Biochemistry and Molecular Biology of Antimicrobial Drug Action

  title={Biochemistry and Molecular Biology of Antimicrobial Drug Action},
  author={Trevor J. Franklin and Glenn A. Snow},
  booktitle={Springer Netherlands},
The development of antimicrobial agents, past, present and future.- Vulnerable shields-the cell walls of bacteria and fungi.- Antimicrobial agents and cell membranes.- Inhibitors of nucleic acid biosynthesis.- Inhibitors of protein biosynthesis.- Antimicrobial drugs with other modes of action.- Attack and defense: drug transport across cell walls and membranes.- The genetic basis of resistance to antimicrobial drugs.- Biochemical mechanisms of resistance to antimicrobial drugs. 
The Role of Transport Mechanisms in Mycobacterium Tuberculosis Drug Resistance and Tolerance
The major mechanisms of small molecule penetration into and efflux from Mycobacterium tuberculosis and other mycobacteria are reviewed, and how these mechanisms may contribute to the development of phenotypic drug tolerance and induction of drug resistance are outlined. Expand
Antimicrobial polymers: mechanism of action, factors of activity, and applications
This mini-review briefly highlights and summarizes the results of studies during the past decade and especially in recent years, which concern the mechanism of action of different antimicrobial polymers and non-leaching microbicidal surfaces, and factors influencing their activity and toxicity, as well as major applications of antimicrobialpolymers. Expand
Global network analysis of drug tolerance, mode of action and virulence in methicillin-resistant S. aureus
This work developed a systems-wide functional association network approach to integrate proteome and transcriptome profiles, enabling study of drug resistance and mode of action in Staphylococcus aureus and particularly MRSA. Expand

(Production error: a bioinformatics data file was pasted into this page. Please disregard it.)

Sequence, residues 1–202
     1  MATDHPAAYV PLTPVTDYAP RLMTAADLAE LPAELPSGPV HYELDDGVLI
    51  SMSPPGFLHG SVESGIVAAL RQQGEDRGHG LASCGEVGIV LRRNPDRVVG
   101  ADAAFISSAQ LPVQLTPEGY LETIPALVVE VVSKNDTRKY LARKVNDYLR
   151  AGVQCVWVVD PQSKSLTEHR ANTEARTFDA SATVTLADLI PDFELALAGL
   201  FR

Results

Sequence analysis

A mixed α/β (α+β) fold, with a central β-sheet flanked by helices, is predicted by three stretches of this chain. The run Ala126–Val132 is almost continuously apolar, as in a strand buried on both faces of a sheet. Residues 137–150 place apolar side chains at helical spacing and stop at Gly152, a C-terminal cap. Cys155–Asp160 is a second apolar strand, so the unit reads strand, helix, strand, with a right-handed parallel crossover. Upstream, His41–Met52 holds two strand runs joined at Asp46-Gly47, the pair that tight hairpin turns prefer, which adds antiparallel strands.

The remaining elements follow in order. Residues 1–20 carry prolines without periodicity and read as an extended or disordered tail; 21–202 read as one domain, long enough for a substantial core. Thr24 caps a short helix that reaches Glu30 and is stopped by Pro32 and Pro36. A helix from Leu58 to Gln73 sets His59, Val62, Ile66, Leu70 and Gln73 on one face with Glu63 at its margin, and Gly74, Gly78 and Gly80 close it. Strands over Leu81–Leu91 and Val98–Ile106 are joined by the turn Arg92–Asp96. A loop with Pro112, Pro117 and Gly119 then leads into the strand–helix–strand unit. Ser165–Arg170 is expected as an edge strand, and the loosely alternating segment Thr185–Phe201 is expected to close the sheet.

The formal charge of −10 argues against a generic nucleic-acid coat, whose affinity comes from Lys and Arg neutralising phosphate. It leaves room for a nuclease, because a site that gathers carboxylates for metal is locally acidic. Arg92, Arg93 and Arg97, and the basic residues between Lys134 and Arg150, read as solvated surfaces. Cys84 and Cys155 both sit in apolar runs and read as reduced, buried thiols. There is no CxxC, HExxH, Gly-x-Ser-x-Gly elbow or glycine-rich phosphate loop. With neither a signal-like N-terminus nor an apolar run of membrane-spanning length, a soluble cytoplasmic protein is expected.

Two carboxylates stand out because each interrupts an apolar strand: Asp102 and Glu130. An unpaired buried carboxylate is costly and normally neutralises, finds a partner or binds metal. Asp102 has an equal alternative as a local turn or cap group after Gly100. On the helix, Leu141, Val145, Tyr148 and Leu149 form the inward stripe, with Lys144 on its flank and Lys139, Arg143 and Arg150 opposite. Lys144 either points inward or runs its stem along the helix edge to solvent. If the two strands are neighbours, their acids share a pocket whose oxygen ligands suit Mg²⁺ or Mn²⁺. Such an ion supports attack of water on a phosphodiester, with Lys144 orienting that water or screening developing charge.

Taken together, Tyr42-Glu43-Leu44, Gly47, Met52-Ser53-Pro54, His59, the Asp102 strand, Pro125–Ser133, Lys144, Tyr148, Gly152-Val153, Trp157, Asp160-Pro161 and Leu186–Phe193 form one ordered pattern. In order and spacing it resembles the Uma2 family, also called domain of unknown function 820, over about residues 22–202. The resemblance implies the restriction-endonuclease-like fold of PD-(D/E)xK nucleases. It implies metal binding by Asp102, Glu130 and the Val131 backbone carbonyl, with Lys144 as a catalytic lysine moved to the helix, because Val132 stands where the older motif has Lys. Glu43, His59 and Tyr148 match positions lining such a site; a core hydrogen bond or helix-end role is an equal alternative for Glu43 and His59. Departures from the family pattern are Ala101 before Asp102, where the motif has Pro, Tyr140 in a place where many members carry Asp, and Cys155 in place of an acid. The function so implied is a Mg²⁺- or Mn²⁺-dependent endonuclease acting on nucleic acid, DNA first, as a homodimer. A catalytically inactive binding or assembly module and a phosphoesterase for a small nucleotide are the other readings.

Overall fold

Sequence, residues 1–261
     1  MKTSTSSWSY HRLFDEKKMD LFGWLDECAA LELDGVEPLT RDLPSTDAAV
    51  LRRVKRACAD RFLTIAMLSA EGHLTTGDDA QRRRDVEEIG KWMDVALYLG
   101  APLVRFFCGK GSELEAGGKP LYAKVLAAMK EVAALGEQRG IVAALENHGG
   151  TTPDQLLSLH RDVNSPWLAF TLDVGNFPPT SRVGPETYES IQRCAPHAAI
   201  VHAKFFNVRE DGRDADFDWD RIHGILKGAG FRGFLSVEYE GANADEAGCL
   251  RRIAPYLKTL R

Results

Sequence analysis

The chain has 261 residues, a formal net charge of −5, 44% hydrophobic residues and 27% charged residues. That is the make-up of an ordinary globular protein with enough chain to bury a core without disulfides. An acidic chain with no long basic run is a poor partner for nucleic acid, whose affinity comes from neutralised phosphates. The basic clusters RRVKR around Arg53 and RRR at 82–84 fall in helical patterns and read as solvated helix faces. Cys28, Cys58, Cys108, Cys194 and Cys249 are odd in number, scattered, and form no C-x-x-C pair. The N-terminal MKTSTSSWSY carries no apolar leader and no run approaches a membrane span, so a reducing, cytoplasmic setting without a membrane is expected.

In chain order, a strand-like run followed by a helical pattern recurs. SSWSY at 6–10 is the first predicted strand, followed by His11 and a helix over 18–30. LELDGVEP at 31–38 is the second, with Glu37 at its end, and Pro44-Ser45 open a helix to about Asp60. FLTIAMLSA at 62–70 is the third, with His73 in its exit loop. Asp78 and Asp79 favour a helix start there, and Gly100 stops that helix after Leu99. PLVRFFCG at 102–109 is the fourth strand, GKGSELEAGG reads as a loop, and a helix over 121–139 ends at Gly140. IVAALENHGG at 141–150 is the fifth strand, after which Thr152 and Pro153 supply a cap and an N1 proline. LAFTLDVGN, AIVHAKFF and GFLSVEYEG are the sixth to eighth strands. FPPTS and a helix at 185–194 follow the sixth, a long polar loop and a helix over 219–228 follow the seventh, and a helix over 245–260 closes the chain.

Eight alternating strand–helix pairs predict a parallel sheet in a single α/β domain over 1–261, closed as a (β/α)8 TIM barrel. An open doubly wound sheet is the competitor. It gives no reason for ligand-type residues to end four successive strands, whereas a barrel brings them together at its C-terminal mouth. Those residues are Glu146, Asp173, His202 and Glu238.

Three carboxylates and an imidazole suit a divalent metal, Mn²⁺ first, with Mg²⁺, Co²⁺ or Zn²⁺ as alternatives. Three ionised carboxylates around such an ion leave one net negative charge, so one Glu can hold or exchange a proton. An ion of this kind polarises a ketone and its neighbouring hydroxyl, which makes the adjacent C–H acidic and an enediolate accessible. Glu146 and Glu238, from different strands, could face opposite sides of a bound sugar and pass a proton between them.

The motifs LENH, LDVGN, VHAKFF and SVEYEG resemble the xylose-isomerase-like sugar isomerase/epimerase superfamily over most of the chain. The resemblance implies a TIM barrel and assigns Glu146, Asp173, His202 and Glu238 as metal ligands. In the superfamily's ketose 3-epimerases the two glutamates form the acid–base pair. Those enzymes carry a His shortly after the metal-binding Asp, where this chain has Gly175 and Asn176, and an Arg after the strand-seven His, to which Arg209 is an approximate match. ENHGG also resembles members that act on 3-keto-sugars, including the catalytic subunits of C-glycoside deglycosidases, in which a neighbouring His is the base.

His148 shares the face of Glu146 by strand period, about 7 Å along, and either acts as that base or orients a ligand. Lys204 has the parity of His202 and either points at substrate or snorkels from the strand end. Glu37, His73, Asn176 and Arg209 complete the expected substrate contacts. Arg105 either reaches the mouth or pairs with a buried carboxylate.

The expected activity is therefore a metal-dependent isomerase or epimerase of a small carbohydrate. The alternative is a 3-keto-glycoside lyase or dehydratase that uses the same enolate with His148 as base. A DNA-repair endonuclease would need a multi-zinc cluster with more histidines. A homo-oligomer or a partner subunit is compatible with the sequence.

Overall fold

Development of Metal Complexes as Potential Antimicrobials
The need for novel approaches to combating microbial infections is as great as ever because of the previously disregarded ability of bacteria to genetically mutate to an extent where future generations of bacteria proved immune to the effects of specific antibiotics. Expand
Telavancin Disrupts the Functional Integrity of the Bacterial Membrane through Targeted Interaction with the Cell Wall Precursor Lipid II
Data indicate that telavancin's membrane mechanism requires interaction with lipid II, a high-affinity target that mediates binding to the bacterial membrane, which provides a mechanistic basis for the improved antibacterial properties of telvancin relative to those of vancomycin. Expand
Positively Charged Polymers as Promising Devices against Multidrug Resistant Gram-Negative Bacteria: A Review
An updated overview concerning the main manufactured types of CAPs, active on Gram-negative bacteria, is herein reported, including synthetic procedure and action’s mechanism. Expand
Structure-function relationships of nonviral gene vectors: Lessons from antimicrobial polymers.
The structure-function relationships of antimicrobial polymers and gene vectors are summarized, with which the design of more advanced nonviral gene vectors is anticipated to be further boosted in the future. Expand
Bacteriophage SPZ7 endolysin: The influence of effectors on the lytic activity of the enzyme on the lysis of gram-negative microorganisms
The possibilities of bacteriophage SPZ7 endolysin functioning in the lysis of gram-negative bacteria “from without” were studied. A significant 1.5–3-fold increase in bacteriophage SPZ7 endolysinExpand
Antimicrobial activity and antibiotic sensitivity of three isolates of lactic acid bacteria from fermented fish product
Three isolates of lactic acid bacteria (LAB) from the fermented food product, Budu, were identified as genus lactobacillus (Lactobacillus casei LA17, Lactobacillus plantarum LA22 and L. paracaseiExpand
Tetracycline and Phenicol Resistance Genes and Mechanisms: Importance for Agriculture, the Environment, and Humans.
Information is provided needed to integrate the biology, taxonomy, and ecology of tetracycline- and phenicol-resistant bacteria and their resistance genes so that informative surveillance strategies can be developed and the correct genes selected. Expand